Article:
Sean Dyche points to the likes of Harry Kane and Danny Ings as signs that English football is moving in the right direction.
Burnley tackle Tottenham Hotspur at Turf Moor on Sunday lunchtime, with Kane out to add to his 29 goals for Spurs so far this season.
Ings is one short of double figures in his first year at this level, and the England Under 21 strike duo will inevitably command much of the headlines ahead of the game.
Kane is flavour of the month, having netted within 79 seconds of his England debut as a substitute against Lithuania, before his first start in Italy.
There has been a perceived dearth of striking options for England in recent years, but Roy Hodgson could afford to leave Ings, Charlie Austin, Saido Berahino and Rickie Lambert out of the full squad, while Andy Carroll is currently injured.
Dyche said: “I don’t know whether there has been a dearth, I think it comes in spells. I think the thing about football is that it moves on.
If we had parents just talking to their kids rather than screaming at them that would be helpful in youth football!Sean Dyche
“We all question who is next and then they just arrive. They come of age.
“I think there’s a reasonably good group of young players who are beginning to show true worth and value.
“There is a lot of good work going on in this country. They are trying all sorts of things to help with grassroots football.
“If we had parents just talking to their kids rather than screaming at them that would be helpful in youth football!
“Kane’s one who has come out of it because he’s scoring goals in the Premier League. Ingsy is similar. There are signs that we are moving forward.”
Kane has 15 goals since the turn of the year, including his England strike, which is more that Cristiano Ronaldo and Gareth Bale combined at Real Madrid.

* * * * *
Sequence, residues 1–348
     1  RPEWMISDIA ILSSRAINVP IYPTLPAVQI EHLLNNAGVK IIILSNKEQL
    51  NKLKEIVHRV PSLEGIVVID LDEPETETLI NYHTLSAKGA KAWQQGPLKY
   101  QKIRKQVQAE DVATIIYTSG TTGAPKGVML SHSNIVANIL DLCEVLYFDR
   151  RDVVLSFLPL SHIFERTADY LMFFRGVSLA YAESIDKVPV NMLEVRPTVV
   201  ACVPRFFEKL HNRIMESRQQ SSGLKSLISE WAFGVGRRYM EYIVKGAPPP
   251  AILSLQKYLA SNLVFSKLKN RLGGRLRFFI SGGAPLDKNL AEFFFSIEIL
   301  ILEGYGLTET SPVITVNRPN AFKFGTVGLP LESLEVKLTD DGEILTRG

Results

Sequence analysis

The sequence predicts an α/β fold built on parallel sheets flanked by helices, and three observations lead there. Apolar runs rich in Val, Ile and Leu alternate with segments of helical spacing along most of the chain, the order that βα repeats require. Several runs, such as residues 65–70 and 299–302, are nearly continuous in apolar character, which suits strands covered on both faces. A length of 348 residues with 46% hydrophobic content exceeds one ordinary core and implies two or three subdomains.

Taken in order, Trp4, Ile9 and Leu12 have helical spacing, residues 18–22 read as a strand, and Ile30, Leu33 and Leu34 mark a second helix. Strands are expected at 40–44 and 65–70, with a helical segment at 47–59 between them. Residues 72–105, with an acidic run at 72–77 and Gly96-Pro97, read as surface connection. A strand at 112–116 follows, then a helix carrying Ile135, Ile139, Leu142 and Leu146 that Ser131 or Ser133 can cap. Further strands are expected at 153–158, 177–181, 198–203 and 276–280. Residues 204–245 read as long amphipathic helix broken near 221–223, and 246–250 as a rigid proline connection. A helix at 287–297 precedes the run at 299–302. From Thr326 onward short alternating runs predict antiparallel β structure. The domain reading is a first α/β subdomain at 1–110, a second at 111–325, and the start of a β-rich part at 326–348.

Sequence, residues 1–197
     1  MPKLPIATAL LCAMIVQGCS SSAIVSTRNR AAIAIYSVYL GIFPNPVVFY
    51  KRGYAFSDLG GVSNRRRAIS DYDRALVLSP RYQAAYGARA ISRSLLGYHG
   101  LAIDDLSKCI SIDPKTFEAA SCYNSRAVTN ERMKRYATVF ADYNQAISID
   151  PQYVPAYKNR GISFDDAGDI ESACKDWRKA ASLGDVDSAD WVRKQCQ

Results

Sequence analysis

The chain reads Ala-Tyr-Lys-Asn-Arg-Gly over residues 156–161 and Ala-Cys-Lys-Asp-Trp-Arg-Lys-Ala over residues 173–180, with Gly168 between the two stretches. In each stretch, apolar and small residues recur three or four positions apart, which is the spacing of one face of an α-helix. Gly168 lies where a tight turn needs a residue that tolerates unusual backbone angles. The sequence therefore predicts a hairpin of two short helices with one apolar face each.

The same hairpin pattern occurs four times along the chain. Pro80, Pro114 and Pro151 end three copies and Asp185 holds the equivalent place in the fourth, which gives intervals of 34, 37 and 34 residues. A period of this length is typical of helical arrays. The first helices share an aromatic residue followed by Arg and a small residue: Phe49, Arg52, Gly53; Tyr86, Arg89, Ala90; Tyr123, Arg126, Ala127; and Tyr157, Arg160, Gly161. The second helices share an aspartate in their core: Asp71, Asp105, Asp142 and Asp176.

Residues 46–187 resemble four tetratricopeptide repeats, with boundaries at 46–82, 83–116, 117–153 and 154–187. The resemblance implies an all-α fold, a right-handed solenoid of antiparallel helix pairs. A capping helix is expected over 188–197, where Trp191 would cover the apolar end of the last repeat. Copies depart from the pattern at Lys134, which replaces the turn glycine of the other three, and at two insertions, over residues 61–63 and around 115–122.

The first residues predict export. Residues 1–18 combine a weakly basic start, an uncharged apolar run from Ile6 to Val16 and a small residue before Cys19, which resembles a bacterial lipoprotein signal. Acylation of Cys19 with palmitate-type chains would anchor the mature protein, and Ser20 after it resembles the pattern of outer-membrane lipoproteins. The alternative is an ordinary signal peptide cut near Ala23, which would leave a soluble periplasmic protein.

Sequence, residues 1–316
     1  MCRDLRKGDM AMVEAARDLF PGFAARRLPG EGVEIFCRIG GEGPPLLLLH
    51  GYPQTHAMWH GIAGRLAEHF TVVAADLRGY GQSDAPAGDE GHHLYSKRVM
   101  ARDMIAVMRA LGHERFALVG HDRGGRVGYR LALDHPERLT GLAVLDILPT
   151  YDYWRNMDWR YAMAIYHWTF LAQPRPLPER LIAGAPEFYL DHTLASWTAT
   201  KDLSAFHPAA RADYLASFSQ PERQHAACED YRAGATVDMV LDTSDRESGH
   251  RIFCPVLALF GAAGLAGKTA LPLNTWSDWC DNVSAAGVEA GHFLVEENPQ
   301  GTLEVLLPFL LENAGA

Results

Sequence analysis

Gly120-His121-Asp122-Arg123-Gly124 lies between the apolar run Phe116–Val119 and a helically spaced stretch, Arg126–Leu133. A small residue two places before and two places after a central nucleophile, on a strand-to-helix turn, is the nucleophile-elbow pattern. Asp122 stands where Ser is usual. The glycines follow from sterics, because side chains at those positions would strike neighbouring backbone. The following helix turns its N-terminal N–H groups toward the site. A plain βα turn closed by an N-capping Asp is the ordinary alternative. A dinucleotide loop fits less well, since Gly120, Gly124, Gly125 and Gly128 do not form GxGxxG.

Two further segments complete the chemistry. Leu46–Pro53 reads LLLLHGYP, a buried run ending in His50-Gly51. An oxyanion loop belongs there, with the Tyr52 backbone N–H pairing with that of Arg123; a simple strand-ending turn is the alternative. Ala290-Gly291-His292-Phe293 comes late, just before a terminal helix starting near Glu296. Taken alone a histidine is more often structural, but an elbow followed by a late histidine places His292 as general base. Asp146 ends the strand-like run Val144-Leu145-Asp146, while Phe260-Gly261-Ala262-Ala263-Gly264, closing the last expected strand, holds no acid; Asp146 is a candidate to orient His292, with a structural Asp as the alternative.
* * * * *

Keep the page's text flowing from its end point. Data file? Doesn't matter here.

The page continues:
The 21-year-old is in a terrific vein of form, elevating him into Player of the Year contention, but Dyche admitted: “I think he’s just a young player playing with the freedom that young players often do.
“I remember speaking to Clive Allen about him and obviously I respect his goalscoring praise, and he felt he had goals in him as a young lad.
“He was one of the early ones who said to me, for all that he is not rapid, his movement is good, he’s energetic, and it seems to me that he is willing to keep arriving in the box.
“That sounds really simplistic, but often players work away from the box, he works in the box, he’s always around the key goal scoring area, the position of maximum opportunity.
“He’s someone who is always in and around it and if you get in there often enough you will score goals. At the moment his strike rate is excellent.
“His challenge is to keep that going because there will be a black moment, there will be a dark spot when it doesn’t come as freely.
“It’s very rare that goal scorers score all the time through his career, so it’s how he handles that if and when that time comes.
Kane brought the biggest cheer of the night when introduced at Wembley against Lithuania, and it would be typically English to overhype emerging talent.
Dyche added: “It does speak for itself, if you’re scoring goals that often everyone takes about it. Fans are fans.
“They tweet ‘Harry Kane brilliant again today’ and it spreads quickly.
“Some of that is just the people talking.
“As much as we admire many of the foreign players that come into this country, there is still an element of the British public that love to see a young player playing at the top level producing the goods.
“That’s why there is a lot for him. ‘Here’s another one, we needed one, we wanted one’.
“In my lifetime we had when Rooney first came on the scene, it wasn’t really the media, it just spreads from people who are excited about him playing and scoring goals.
“It’s usually people who score goals. If Messi didn’t score as much as he did he would just be a fantastic player, because he scores so much he’s an amazing player, one of the best of all-time.”
But, asked whether Ings can challenge himself to reach the heights Kane has scaled this season, Dyche responded: “I don’t think Danny measures himself against other people and I’m not a big fan of that.
“I think you measure yourself against yourself. He’s got to know where he’s going and how his game is.
“Goal scoring has changed. It used to be out and out goal scorers but I think they’ve got more to their game than that.
“It used to be people who would score and almost not have a kick for the rest of the game. I think that’s changing. I think the game wants more out of a centre forward than that and I some of these players are delivering more and there is more to their game than just goals.”